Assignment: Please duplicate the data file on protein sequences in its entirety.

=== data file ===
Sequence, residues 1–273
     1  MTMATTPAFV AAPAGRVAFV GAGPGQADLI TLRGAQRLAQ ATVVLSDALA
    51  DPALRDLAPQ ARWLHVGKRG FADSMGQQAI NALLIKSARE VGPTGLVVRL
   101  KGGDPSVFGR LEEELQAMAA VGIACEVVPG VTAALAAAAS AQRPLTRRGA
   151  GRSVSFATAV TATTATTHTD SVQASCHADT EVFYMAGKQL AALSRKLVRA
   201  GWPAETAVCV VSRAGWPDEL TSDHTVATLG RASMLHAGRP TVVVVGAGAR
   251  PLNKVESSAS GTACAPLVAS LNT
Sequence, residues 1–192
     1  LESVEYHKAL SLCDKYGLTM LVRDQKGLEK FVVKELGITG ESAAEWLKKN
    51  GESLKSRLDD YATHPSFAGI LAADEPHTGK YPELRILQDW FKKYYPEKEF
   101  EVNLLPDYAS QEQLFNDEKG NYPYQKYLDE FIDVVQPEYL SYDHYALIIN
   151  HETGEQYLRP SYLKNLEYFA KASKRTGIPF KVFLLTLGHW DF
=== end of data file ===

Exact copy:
Sequence, residues 1–273
     1  MTMATTPAFV AAPAGRVAFV GAGPGQADLI TLRGAQRLAQ ATVVLSDALA
    51  DPALRDLAPQ ARWLHVGKRG FADSMGQQAI NALLIKSARE VGPTGLVVRL
   101  KGGDPSVFGR LEEELQAMAA VGIACEVVPG VTAALAAAAS AQRPLTRRGA
   151  GRSVSFATAV TATTATTHTD SVQASCHADT EVFYMAGKQL AALSRKLVRA
   201  GWPAETAVCV VSRAGWPDEL TSDHTVATLG RASMLHAGRP TVVVVGAGAR
   251  PLNKVESSAS GTACAPLVAS LNT
Sequence, residues 1–192
     1  LESVEYHKAL SLCDKYGLTM LVRDQKGLEK FVVKELGITG ESAAEWLKKN
    51  GESLKSRLDD YATHPSFAGI LAADEPHTGK YPELRILQDW FKKYYPEKEF
   101  EVNLLPDYAS QEQLFNDEKG NYPYQKYLDE FIDVVQPEYL SYDHYALIIN
   151  HETGEQYLRP SYLKNLEYFA KASKRTGIPF KVFLLTLGHW DF